Dorati urges on his ensemble with robust tempi, and the orchestra is quick to respond to all the refinements of the tightly knit movement. It appears to cope effortlessly with the extremes of contrast and manages to amalgamate the rhythmic excesses with the tenderness of the numerous tiny motifs and figures which seem to sprout like flowers out of hard rock. The excellent recording technique captures both the extreme loudness and the finely pulsating tones, resulting in a sound in which no detail goes unheard. The listener can be sure that this Stravinsky deserves the rating "excellent" – both for the interpretation and for the sound.
Are your records completely analogue?
Yes! This we guarantee!
As a matter of principle, only analogue masters are used, and the necessary cutting delay is also analogue. All our cutting engineers use only Neumann cutting consoles, and these too are analogue. The only exception is where a recording has been made – either partly or entirely – using digital technology, but we do not have such items in our catalogue at the present time
Are your records cut from the original masters?
In our re-releases it is our aim to faithfully reproduce the original intentions of the musicians and recording engineers which, however, could not be realised at the time due to technical limitations. Faithfulness to the original is our top priority, not the interpretation of the original: there is no such thing as a “Speakers Corner Sound”. Naturally, the best results are obtained when the original master is used. Therefore we always try to locate these and use them for cutting. Should this not be possible, – because the original tape is defective or has disappeared, for example – we do accept a first-generation copy. But this remains an absolute exception for us.
Who cuts the records?
In order to obtain the most faithful reproduction of the original, we have the lacquers cut on the spot, by engineers who, on the whole, have been dealing with such tapes for many years. Some are even cut by the very same engineer who cut the original lacquers of the first release. Over the years the following engineers have been and still are working for us: Tony Hawkins, Willem Makkee, Kevin Gray, Maarten de Boer, Scott Hull, and Ray Staff, to name but a few.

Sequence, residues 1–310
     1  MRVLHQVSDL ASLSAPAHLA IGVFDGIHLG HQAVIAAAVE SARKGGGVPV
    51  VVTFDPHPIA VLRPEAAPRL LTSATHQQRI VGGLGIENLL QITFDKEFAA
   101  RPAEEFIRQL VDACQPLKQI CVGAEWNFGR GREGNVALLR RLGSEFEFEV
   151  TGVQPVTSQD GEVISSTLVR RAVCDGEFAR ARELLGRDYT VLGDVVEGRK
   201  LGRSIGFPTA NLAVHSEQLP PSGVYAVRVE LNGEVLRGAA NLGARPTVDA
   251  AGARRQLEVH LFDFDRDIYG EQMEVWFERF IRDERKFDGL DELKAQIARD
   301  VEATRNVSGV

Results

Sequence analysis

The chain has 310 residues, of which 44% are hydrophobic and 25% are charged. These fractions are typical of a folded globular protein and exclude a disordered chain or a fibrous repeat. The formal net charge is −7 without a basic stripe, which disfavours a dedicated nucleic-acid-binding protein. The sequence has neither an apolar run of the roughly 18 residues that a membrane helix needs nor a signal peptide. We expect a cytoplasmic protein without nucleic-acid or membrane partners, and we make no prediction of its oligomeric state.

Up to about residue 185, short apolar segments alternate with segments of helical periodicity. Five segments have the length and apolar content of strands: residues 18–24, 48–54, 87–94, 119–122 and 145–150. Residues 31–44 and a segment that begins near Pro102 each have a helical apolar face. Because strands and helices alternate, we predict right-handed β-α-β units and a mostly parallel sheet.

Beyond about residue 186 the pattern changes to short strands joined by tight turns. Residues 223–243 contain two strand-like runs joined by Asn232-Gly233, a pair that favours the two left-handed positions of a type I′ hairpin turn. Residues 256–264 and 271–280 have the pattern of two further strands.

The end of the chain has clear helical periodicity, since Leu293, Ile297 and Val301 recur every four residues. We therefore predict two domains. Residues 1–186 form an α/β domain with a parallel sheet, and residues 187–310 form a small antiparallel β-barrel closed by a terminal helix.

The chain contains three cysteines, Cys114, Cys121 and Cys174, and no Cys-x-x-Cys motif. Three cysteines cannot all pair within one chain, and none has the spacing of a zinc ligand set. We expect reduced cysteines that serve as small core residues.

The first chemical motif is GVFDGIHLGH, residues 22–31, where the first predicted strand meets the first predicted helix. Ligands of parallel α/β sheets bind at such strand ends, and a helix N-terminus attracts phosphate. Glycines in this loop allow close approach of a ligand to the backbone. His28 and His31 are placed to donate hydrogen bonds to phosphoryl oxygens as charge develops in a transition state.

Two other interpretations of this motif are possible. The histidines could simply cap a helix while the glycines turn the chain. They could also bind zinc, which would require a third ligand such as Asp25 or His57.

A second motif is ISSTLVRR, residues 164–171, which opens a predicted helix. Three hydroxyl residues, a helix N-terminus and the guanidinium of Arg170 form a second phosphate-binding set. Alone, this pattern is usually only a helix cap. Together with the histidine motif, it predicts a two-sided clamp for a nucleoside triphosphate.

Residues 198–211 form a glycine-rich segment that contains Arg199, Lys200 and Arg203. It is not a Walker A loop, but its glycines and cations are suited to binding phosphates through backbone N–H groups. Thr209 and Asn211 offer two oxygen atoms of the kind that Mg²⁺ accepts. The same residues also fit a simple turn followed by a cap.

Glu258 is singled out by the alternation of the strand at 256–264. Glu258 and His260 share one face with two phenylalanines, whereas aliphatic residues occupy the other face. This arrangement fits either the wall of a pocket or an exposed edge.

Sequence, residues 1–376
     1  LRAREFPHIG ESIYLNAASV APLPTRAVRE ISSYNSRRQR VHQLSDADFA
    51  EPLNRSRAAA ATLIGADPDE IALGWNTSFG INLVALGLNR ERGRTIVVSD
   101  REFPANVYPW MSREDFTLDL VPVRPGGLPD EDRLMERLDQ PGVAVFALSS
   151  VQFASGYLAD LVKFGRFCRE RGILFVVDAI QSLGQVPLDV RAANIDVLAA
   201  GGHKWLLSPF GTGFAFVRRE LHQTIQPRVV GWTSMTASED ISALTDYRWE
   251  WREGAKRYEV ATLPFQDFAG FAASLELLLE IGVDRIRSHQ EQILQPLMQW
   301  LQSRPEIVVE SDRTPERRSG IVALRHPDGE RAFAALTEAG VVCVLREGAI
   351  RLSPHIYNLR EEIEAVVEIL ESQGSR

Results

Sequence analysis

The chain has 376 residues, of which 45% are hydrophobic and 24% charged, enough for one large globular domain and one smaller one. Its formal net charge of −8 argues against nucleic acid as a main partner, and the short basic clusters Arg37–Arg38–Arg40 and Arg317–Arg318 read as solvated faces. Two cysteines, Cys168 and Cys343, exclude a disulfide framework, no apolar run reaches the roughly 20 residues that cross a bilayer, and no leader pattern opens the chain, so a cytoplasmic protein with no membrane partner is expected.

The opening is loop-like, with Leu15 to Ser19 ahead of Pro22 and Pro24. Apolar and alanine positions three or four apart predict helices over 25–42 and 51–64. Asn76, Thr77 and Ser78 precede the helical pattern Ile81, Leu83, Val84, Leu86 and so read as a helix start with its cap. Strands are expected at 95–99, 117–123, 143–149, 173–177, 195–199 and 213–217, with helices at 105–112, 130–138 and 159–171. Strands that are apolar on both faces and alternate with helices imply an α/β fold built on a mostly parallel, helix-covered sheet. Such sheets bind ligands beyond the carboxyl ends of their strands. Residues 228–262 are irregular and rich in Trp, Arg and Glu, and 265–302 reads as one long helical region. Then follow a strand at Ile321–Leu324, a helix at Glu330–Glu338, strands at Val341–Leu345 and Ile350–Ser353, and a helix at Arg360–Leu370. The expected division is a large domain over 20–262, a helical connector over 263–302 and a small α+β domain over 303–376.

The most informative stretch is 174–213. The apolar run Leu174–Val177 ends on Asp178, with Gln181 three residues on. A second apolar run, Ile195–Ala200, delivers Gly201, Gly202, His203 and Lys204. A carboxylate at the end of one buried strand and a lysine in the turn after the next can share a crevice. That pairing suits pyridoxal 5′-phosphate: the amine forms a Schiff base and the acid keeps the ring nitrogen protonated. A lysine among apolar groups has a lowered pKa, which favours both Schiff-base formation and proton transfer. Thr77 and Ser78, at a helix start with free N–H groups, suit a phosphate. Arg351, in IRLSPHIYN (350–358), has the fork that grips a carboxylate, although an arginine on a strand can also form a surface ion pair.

At the beginning of the ‘90s, in the early days of audiophile vinyl re-releases, the reissue policy was fairly straightforward. Companies such as DCC Compact Classics, Mobile Fidelity, Classic Records and others, including of course Speakers Corner, all maintained a mutual, unwritten code of ethics: we would manufacture records sourced only from analogue tapes.
Vinyl’s newfound popularity has led many other companies to jump on the bandwagon in the hope of securing a corner of the market. Very often they are not so ethical and use every imaginable source from which to master: CDs, LPs, digital files and even MP3s.
Even some who do use an analogue tape source employ a digital delay line, a misguided ’80s and ‘90s digital technology that replaces the analogue preview head originally used to “tell” the cutter head in advance what was about to happen musically, so it could adjust the groove “pitch” (the distance between the grooves) to make room for wide dynamic swings and large low frequency excursions. Over time analogue preview heads became more rare and thus expensive.
So while the low bit rate (less resolution than a 16 bit CD) digital delay line is less expensive and easier to use than an analogue “preview head”, its use, ironically, results in lacquers cut from the low bit rate digital signal instead of from the analogue source!
Speakers Corner wishes to make clear that it produces lacquers using only original master tapes and an entirely analogue cutting system. New metal stampers used to press records are produced from that lacquer. The only exceptions are when existing metal parts are superior to new ones that might be cut, which includes our release of “Elvis is Back”, which was cut by Stan Ricker or several titles from our Philips Classics series, where were cut in the 1990s using original master tapes by Willem Makkee at the Emil Berliner Studios. In those cases we used only the original “mother” to produce new stampers.
In addition, we admit to having one digital recording in our catalogue: Alan Parsons’ “Eye in the Sky”, which was recorded digitally but mixed to analogue tape that we used to cut lacquers.
In closing, we want to insure our loyal customers that, with but a few exceptions as noted, our releases are “AAA”— analogue tape, an all analogue cutting system, and newly cut lacquers.